CSM is built on top of traditional techniques as well as new methodologies that at some point were considered controversial and now are widely accepted. “Common Sense” in CSM term doesn’t mean “agreed by many” or “widespread knowledge”. CSM stands for application of simple straight-forward solutions to problems that managers face on a daily basis. The best illustration to the term of Common Sense I have ever heard of was a story about “space pen”. Supposedly many years ago NASA spent millions of dollars developing a pen that would write well in the space. Weightless ink presented a serious technical challenge which was successfully addressed by “space pen”… Russian cosmonauts used a Common Sense solution to the problem – pencils…

CSM is a huge topic – it covers multiple aspects of leading and managing people, teams, projects, engagements, and so on. So I decided to start a new blog Common Sense Management – Tips, Tricks and Traps of Technology Leadership. CSM applies to leading all kind of teams and engagements, not only technology, yet with my experience and knowledge limited to that domain I’ll do better staying focused on the technology field.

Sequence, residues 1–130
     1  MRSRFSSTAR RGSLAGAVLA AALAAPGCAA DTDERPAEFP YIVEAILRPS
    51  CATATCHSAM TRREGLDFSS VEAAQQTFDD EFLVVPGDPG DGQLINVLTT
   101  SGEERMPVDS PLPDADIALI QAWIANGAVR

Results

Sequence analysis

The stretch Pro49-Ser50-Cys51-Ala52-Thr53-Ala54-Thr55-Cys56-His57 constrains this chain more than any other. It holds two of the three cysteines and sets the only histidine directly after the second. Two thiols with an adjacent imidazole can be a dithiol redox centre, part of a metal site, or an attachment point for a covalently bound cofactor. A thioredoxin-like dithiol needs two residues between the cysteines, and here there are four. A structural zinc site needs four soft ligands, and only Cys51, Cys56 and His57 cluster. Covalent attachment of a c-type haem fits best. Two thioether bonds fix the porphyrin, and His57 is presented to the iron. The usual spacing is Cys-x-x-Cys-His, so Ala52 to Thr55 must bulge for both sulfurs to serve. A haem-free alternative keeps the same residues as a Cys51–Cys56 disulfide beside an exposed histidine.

My first post in the new blog was to some degree a repetition – I wrote about 10 Golden Rules of Bargaining, the post is a bit different from Offshore Negotiations and Rules of Haggling – it is a using Presentation 2.0 style and if you are interested in the topic is probably worth checking out.

I am not sure how frequently I will update my new blog and how it will affect my postings in this blog. Since I only write while commuting the total volume is limited by my abilities and length of BART ride. Well, as they say in France – Vivra verra…